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Children and young adults with parents with cancer: a population-based study

Authors Syse A, Aas GB, Loge JH

Received 23 December 2011

Accepted for publication 31 January 2012

Published 13 March 2012 Volume 2012:4(1) Pages 41—52


Review by Single anonymous peer review

Peer reviewer comments 2

Video abstract presented by Astri Syse

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Astri Syse1, Gjøril B Aas1, Jon H Loge2,3
1Cancer Registry of Norway, 2Oslo University Hospital, 3University of Oslo, Oslo, Norway

Background: Today many people are choosing to have children later in life. Additionally, the use of sophisticated diagnostic tools and screening modalities has increased over recent years. Because of these factors, cancer is being diagnosed more frequently during the child-rearing years. Sociodemographic and cancer-related information on families and minor (0–18 years) and young adult (YA) (19–25 years) children experiencing parental cancer is scarce, but this information is vital for healthcare initiatives aimed toward those potentially adversely affected. Therefore, the aim of this study was to describe features of families and minor and YA children affected by parental cancer in a nationwide population.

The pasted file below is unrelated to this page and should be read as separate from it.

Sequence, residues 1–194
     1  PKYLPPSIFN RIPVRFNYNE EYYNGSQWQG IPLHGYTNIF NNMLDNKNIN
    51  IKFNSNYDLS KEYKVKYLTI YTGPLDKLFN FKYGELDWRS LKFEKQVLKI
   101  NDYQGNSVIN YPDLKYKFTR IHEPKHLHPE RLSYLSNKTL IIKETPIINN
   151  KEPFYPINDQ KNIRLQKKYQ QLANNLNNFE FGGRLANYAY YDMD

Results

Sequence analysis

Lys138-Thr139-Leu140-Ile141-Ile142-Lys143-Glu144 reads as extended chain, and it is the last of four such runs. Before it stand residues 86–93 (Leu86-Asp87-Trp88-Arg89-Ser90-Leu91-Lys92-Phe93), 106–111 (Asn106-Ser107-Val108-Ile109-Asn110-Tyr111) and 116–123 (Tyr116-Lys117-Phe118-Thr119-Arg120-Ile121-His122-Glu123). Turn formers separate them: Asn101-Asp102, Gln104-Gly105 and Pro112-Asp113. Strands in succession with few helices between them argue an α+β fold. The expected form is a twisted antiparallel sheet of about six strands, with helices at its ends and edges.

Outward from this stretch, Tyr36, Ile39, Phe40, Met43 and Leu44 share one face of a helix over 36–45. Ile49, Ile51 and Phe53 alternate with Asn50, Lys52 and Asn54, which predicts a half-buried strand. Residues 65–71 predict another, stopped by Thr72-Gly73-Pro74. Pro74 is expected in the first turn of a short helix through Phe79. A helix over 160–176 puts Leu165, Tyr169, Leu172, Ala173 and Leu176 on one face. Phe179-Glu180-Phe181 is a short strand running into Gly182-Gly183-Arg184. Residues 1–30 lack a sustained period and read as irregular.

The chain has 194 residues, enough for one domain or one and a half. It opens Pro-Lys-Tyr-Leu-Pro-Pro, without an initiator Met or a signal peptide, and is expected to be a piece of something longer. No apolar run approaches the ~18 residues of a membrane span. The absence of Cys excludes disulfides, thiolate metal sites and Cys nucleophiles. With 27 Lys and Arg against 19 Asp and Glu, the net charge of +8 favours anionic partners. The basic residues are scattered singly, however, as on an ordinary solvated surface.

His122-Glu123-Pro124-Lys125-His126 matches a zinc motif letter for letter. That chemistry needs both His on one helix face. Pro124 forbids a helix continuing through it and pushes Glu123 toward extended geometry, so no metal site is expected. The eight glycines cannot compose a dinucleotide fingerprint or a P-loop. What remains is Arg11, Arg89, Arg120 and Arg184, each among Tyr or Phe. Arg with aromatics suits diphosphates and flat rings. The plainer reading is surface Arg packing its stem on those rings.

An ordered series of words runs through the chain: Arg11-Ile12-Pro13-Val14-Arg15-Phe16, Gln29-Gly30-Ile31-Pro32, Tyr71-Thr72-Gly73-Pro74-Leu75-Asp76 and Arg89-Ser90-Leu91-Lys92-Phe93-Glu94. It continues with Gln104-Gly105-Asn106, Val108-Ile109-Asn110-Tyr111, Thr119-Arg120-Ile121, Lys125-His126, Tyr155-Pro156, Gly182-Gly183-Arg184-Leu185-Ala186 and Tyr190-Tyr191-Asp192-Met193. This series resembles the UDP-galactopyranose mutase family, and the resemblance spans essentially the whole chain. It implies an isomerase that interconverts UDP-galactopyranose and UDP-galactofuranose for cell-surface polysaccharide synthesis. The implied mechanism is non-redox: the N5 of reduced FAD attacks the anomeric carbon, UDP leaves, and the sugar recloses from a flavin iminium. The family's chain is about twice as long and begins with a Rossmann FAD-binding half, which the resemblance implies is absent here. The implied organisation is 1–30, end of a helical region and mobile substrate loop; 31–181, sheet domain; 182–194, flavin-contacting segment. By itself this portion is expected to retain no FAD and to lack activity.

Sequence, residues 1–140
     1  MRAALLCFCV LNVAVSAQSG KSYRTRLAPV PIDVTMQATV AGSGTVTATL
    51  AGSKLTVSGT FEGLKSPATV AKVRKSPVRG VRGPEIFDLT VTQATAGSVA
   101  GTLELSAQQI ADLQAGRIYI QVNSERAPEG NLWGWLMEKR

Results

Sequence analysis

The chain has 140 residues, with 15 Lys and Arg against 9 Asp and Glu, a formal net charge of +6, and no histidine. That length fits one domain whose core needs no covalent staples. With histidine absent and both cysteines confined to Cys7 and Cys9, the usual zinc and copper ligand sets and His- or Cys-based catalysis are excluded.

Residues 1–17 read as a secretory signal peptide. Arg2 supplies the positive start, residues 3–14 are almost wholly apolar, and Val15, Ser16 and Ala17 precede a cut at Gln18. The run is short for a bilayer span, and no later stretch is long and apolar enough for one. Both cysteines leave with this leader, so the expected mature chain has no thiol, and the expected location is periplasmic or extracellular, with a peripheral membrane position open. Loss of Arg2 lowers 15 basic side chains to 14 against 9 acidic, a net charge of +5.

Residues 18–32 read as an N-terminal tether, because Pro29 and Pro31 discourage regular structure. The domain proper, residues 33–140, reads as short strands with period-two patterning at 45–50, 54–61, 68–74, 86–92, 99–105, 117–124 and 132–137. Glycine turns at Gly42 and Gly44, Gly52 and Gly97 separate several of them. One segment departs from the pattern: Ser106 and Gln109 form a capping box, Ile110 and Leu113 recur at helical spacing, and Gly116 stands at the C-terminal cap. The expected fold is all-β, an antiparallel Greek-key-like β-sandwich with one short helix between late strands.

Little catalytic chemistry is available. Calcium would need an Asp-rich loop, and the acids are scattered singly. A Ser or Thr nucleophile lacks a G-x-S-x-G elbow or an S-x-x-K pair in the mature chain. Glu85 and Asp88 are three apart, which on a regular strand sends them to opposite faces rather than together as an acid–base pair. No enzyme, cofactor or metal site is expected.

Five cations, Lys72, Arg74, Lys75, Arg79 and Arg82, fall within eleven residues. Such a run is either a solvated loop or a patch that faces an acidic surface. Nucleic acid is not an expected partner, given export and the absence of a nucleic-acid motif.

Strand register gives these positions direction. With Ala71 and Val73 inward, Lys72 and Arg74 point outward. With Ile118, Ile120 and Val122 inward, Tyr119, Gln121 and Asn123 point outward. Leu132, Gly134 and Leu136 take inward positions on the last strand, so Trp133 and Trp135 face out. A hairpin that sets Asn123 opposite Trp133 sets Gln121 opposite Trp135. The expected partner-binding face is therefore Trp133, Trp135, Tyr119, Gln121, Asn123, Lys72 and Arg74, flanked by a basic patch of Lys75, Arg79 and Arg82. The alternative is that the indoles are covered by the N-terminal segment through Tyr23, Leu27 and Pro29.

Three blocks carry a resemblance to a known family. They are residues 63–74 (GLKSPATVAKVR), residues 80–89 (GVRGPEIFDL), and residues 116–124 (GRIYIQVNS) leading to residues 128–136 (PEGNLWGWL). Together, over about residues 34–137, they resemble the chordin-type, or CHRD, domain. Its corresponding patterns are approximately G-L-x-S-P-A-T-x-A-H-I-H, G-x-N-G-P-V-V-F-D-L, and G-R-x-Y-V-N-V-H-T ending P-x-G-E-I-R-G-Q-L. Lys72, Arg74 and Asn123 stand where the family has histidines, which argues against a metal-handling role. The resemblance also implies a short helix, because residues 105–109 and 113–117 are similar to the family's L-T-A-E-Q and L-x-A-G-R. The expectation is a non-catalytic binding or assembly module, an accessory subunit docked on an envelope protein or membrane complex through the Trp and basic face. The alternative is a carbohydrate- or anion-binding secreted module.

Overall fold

Methods: Complete Norwegian birth cohort data were obtained from national registries. Descriptive prevalence and incidence statistics were collected for parents and minor and YA children. Logistic regression models were used to assess factors likely to influence parental death.
Results: Every year around 0.3% of all families with children under the age of 18 years encounter parental cancer, and 3.1% of minors and 8.4% of YAs have a parent who has been diagnosed with cancer. This study found skin, breast, testicular, and colorectal cancers were the most common forms of cancer diagnosed. The sociodemographic features of those affected were fairly similar to those of the general population. One in five children experienced parental death from cancer; parental death was more often paternal than maternal and was most common in parents diagnosed with leukemia or brain, colorectal, and lung tumors. Deaths are uncommon among parents without cancer.
Conclusion: Adequate assistance for minor and YA children affected by parental cancer requires knowledge of their number and characteristics. Parental cancer is more common than previously suggested: the annual incidence of parental cancer for children under 18 years of age is 0.3%, whereas approximately 4% of children aged 0–25 years have or have had parents diagnosed with cancer, corresponding to a population prevalence of 1.4%. Around 20% of these children experience parental death, and surveys of live respondents should account for this.

Keywords: incidence, neoplasm, parental cancer, prevalence, Norway

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